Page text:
Post by pamela
It's not right to ask exactly the same question in the same
circumstances because then that seems as if you will keep having a
referendum until you get the result you want.
However in this case the circumstances have changed. For
instance, there's now going to be a socking great divorce payment
which voters were not told at the time.
The referendum was not a blank cheque for the government to cook
up any agreement it feels like having.
When the exit details are finalised it seems right to ask the
public if they are happy with what has been negotiated and if they
wish to proceed with the proposed arrangements.
The areas of the country that voted for Brexit tend to be those that
will suffer most from a Brexit.
That doesn't mean they were stupid when they cast their votes - it means
they were desperate. And easy fodder for the snake-oil salesmen like
Farage, Johnson, Gove and Leadsom.
If you don't have a subscription, here's most of it.
Well here’s an irony. As Brexit in whatever form gets closer and its
damaging implications for trade and jobs start to become clearer, some
of the regions, industries and groups that most enthusiastically
supported Leave are starting to raise the alarm about its impact or
demand special exemption from its consequences.
Take Grimsby. It’s one of the most deprived areas of Britain; it hasn’t
flourished in the decades since we joined the EU and it voted by 70 per
cent to 30 per cent for Leave. Two weeks ago the anxious representatives
of one of the town’s biggest remaining industries, seafood processing,
went to Westminster to petition MPs to grant Grimsby the exceptional
status of a free trade port when we leave.
Grimsby is desperate to avoid the imposition of post-Brexit tariff
barriers, delays and customs checks on its fish business, because it
imports 90 per cent of its fish fresh from Europe. It is also worried
about losing the 20 per cent of its workforce that comes from abroad. If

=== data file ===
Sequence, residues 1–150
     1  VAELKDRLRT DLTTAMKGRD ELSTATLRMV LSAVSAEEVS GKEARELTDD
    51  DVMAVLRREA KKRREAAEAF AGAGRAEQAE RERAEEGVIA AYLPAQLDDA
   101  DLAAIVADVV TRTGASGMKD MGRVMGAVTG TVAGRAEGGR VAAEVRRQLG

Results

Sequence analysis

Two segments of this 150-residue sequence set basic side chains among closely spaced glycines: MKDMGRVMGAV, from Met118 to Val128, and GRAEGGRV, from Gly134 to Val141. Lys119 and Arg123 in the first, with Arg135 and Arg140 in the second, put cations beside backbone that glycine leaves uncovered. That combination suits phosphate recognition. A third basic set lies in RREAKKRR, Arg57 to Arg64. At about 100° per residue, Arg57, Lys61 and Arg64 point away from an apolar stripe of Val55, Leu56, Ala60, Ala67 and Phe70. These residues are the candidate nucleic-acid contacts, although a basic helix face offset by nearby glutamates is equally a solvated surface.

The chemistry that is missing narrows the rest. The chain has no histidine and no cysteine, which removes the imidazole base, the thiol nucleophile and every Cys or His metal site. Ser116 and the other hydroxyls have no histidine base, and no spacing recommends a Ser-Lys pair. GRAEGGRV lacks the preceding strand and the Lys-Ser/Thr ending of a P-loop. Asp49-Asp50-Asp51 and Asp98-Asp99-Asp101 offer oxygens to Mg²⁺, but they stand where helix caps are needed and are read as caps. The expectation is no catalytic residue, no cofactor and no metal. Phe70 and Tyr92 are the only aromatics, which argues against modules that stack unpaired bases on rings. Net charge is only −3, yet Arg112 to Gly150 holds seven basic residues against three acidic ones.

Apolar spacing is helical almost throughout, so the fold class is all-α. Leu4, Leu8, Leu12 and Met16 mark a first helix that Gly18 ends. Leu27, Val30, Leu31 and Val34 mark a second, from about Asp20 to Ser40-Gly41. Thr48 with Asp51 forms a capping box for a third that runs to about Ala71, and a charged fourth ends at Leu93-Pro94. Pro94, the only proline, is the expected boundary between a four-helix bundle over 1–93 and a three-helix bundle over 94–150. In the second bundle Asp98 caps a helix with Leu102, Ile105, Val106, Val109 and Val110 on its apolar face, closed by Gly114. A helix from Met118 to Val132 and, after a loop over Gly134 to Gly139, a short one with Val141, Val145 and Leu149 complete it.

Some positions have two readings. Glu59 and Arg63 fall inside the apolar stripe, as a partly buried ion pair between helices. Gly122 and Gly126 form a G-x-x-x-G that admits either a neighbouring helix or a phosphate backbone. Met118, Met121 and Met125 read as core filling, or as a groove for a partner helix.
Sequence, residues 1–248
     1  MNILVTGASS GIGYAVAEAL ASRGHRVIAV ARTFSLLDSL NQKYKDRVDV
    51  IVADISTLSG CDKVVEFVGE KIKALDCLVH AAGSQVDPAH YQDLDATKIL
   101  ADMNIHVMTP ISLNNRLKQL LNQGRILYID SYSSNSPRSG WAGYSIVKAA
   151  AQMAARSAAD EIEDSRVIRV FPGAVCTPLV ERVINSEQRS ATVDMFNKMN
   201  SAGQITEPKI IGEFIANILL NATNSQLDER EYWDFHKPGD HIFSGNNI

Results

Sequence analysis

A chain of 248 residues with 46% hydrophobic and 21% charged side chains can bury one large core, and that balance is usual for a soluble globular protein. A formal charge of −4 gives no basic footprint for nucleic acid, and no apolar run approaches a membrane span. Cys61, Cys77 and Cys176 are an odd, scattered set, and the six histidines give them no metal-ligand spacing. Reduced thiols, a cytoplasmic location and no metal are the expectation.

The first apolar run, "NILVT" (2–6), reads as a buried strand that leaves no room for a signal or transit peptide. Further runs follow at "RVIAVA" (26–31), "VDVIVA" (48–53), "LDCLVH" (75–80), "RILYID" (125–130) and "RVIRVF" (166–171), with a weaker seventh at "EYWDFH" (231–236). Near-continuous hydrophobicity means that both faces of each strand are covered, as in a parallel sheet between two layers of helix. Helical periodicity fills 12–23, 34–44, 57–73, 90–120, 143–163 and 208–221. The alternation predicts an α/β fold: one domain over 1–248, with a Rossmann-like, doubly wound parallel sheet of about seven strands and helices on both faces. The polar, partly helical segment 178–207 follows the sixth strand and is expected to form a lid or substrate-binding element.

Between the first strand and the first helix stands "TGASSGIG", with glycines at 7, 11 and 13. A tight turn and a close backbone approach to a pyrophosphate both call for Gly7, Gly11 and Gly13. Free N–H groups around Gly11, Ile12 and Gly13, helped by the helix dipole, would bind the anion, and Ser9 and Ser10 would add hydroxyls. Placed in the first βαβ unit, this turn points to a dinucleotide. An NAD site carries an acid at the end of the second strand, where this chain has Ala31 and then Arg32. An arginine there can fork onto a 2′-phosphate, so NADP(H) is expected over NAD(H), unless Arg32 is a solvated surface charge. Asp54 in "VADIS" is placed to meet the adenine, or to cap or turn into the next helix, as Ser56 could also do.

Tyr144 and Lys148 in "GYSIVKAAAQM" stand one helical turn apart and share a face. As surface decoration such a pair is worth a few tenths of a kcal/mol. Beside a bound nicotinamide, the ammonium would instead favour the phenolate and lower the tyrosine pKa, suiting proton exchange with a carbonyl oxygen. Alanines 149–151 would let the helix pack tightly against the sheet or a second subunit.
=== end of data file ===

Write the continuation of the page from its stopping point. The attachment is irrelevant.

Brexit goes ahead without any special concessions to Grimsby then an
industry that includes Young’s and The Saucy Fish Co, and that employs
5,000 people, fears it will lose its competitive edge to rival centres
in Germany and France.
Cornwall wants special treatment too, after rejecting the EU by 57 per
cent to 43 per cent. This month its farmers reported that fruit and veg
are rotting in its fields because so many EU migrant labourers have left
since the referendum. There were some 17,000 EU nationals in Cornwall,
around 3 per cent of the population, but this year the staffing levels
on farms has fallen to 65 per cent of what they need.
In South Tyneside, which backed Leave by 62 per cent to 38 per cent, the
local council is also seeking protection from the results of Brexit.
Last week the think tank IPPR North revealed that leaving will hit the
north much harder than London; in an area that’s already substantially
poorer than the south, more than 10 per cent of the region’s goods and
services are dependent on EU trade, compared with 7 per cent in London.
The EU’s economic subsidies to the northeast in the past decade have
been higher than for any other region, at almost £190 per head. Yet the
area still voted to reject the union, in a variation of “What did the
Romans ever do for us?”. Now South Tyneside’s council is demanding that
the northeast’s EU subsidies should be replaced by government ones at
the same level, and that there should be a “continued free flow of
skilled people, and frictionless, barrier-free trade”. It says it hopes
economic and social improvements will follow from Brexit. Everything may
have changed, in other words, but everything should stay the same.
Except where it could become even better.
It’s the same pattern in care homes or hospitals, where the elderly who
voted 64 per cent to 36 per cent to leave are going to be worst affected
by the fact that the flow of EU nurses has fallen by 90 per cent in 12
months. Before the vote they made up a third of new nurse registrations.
Despite the optimistic assertions of a great future for Britain, Brexit
is going to hurt, and a hundred special exemptions won’t avoid it. Our
growth has already tumbled to the bottom of the G7, our stagnant wages
have fallen behind inflation again, and Treasury forecasts predict that
in 15 years Brexit will leave the economy 6-7 per cent smaller than it
would have been. I fear Britons are all hoping that somehow they won’t
be the ones paying the price.